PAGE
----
European gas price rally hits reverse

The sharp ramp up in European hub prices across Q3 has fully reversed in Q4. We set out the current state of play and 5 factors behind this decline.

November 26, 2018

European hub prices doubled between July 2017 and September 2018.  50% of that move happened in Q3 2018. Through the objective barometer of market price, the European gas market has tightened significantly across 2017-18.

The big rally in gas prices between the current and previous summers was fuelled by:

  1. LNG volumes being diverted to Asia to meet strong demand
  2. Big rallies in coal and carbon prices, raising gas plant switching levels in the power sector
  3. Near term constraints on ramp up of Russian import volumes.

We described these 3 key drivers of hub prices in a recent article published in October.

In Q4 there has been another interesting shift in gas market dynamics.  Gas prices have fallen back sharply from September levels and LNG is flowing back into Europe in a very different pattern to the onset of the last two winters.

In today’s article we provide a brief summary of why gas prices are falling and the current state of play heading into winter.

What is behind the Q4 price plunge?

Energy markets are rarely dull as illustrated by the evolution of global price benchmarks in Chart 1. TTF prices rose more than 25% across this summer (from around 8 to 10 $/mmbtu), only to reverse and give up those gains across October. As of late November prices look to be trying to stabilise around 8 $/mmbtu.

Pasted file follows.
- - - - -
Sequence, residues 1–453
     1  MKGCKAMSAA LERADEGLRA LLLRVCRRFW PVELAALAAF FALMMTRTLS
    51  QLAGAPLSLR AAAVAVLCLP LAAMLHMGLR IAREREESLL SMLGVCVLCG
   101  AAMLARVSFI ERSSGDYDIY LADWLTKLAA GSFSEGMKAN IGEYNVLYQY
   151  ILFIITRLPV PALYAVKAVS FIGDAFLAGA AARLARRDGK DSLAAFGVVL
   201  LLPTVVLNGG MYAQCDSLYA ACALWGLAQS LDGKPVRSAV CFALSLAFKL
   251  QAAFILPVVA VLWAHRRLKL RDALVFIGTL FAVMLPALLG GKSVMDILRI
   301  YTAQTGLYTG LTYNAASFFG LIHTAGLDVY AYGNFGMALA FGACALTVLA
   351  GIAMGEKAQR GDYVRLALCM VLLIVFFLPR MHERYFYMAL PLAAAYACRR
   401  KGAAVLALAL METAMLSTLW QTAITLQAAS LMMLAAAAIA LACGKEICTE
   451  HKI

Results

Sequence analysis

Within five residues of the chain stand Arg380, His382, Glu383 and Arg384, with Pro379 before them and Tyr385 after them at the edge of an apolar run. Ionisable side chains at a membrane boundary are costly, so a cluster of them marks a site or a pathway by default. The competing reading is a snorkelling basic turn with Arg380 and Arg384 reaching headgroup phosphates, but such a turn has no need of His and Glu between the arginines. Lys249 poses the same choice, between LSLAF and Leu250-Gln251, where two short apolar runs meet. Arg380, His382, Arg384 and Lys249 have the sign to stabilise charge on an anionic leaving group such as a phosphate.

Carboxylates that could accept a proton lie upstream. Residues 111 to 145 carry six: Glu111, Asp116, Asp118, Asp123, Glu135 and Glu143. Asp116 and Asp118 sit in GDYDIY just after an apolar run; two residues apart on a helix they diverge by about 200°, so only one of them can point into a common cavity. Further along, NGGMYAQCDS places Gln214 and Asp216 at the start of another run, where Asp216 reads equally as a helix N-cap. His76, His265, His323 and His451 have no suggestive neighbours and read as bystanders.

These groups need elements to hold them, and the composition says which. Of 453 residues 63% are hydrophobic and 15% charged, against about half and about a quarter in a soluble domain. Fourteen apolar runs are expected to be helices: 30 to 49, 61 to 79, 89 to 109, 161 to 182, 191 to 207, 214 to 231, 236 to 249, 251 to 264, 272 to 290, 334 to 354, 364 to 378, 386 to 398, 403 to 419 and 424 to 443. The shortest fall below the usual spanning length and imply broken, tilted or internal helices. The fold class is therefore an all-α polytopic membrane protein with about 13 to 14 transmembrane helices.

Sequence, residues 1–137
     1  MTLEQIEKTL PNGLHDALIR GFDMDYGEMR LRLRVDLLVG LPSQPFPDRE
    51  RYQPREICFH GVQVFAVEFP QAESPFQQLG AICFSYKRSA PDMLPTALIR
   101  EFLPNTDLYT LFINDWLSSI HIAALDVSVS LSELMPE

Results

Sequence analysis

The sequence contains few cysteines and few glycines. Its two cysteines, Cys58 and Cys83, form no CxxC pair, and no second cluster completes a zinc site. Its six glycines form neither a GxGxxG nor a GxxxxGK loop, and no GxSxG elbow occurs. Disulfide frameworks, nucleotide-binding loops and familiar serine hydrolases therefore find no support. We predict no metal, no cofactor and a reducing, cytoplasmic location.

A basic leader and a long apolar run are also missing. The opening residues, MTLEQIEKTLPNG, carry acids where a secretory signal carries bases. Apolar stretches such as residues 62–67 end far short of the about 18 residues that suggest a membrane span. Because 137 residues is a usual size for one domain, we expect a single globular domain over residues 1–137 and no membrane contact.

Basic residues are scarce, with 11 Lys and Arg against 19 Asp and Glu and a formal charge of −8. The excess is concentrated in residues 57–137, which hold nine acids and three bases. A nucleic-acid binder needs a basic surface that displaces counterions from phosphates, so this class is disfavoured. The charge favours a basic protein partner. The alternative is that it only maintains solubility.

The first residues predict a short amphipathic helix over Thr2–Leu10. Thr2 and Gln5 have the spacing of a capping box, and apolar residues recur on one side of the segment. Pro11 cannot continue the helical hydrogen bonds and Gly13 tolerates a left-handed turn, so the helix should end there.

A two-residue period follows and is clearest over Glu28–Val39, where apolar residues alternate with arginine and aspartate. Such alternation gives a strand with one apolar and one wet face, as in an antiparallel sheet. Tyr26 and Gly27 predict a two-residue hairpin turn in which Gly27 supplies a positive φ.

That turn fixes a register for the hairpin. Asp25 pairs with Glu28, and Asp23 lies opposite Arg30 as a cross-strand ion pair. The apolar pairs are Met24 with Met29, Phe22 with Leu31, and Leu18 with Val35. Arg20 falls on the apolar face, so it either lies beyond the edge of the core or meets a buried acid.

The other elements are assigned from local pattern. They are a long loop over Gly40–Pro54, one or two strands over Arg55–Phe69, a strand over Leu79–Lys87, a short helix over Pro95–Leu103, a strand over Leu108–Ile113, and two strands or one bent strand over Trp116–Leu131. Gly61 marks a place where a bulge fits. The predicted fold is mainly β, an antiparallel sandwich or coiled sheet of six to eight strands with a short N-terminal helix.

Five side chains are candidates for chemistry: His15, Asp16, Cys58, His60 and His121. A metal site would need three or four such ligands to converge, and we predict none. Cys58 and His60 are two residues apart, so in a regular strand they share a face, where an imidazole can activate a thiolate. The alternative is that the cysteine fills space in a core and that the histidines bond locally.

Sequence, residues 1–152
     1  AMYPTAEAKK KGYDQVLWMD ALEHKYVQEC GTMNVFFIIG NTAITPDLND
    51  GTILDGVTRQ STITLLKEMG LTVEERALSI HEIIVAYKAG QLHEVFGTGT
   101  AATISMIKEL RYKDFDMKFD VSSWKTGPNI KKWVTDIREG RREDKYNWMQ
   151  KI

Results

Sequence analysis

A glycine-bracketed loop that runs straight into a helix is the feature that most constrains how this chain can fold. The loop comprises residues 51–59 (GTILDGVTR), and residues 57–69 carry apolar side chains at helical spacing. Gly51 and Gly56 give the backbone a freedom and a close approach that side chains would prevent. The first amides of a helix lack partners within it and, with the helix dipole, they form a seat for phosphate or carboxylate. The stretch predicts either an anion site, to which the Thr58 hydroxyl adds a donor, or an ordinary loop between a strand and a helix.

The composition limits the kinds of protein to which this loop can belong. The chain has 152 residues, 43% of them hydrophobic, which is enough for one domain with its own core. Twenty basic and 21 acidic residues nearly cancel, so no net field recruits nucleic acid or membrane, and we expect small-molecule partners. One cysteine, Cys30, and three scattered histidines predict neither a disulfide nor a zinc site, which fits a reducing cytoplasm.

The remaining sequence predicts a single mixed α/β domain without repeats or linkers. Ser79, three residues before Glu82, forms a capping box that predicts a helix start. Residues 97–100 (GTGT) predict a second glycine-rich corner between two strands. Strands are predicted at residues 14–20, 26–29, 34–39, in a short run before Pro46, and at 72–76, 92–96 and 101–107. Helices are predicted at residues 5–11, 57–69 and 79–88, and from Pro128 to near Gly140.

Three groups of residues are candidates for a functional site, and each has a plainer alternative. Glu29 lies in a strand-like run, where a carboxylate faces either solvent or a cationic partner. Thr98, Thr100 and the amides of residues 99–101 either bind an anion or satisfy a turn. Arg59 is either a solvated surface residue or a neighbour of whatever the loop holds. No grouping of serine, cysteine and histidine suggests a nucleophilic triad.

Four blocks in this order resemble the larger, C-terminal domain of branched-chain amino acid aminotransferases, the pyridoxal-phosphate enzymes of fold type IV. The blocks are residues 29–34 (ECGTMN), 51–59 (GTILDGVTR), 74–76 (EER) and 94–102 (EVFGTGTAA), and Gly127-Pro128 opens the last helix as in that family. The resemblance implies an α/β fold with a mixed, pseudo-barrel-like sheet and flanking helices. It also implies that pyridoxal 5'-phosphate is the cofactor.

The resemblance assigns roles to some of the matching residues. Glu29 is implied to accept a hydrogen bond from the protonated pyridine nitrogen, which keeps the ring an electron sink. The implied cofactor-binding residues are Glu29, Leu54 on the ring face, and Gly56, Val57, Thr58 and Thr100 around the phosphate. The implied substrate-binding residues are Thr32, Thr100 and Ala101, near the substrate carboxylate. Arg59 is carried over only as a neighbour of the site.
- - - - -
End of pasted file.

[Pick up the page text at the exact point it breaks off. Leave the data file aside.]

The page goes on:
Chart 1: Evolution of global gas price benchmarks

Source: Timera Energy

So why this sudden price reversal? To a large extent this comes down to the same drivers behind the Q3 price rise, only acting in reverse. The following is a summary of 5 factors behind the Q4 price decline:

  1. Economy: Forward expectations of gas demand are sensitive to economic conditions. Global stock markets have fallen sharply across Oct-Nov as trade war tensions grow, interest rates continue to rise and central bank stimulus starts to roll off.
  2. Commodity prices: Consistent with 1., European gas prices have fallen in sympathy with a broad based decline in commodity prices in Q4 e.g. oil -25%, coal -15%, carbon -20%.
  3. Switching levels: Power sector switching levels have fallen with coal and carbon prices, reducing gas demand as the relative competitiveness of coal plants increases accordingly.
  4. LNG flows: LNG is flowing back into Europe after being diverted to Asia across the summer. The positive arbitrage to Asia in Q3 has reversed in Q4. Asian demand for spot cargoes has weakened as buyers look well hedged into the coming winter. And a huge jump in shipping costs (200k $/day charter rates) has increased the cost of delivering LNG to Asia.
  5. Russian flows: Gazprom has auctioned just over 1bcm of incremental gas across Q4 via the Ukraine/Slovakia import route. This has helped to increase supply into European hubs and Gazprom has now announced a halt to further auctions in Q4.

The first two of these drivers illustrate the impact of global macro drivers on the European gas market.

The last three represent the practical mechanisms via which these macro drivers act on supply and demand balance and hub prices.  Q4 price dynamics are a great case study of the 3 key hub price drivers we set out in our October article.

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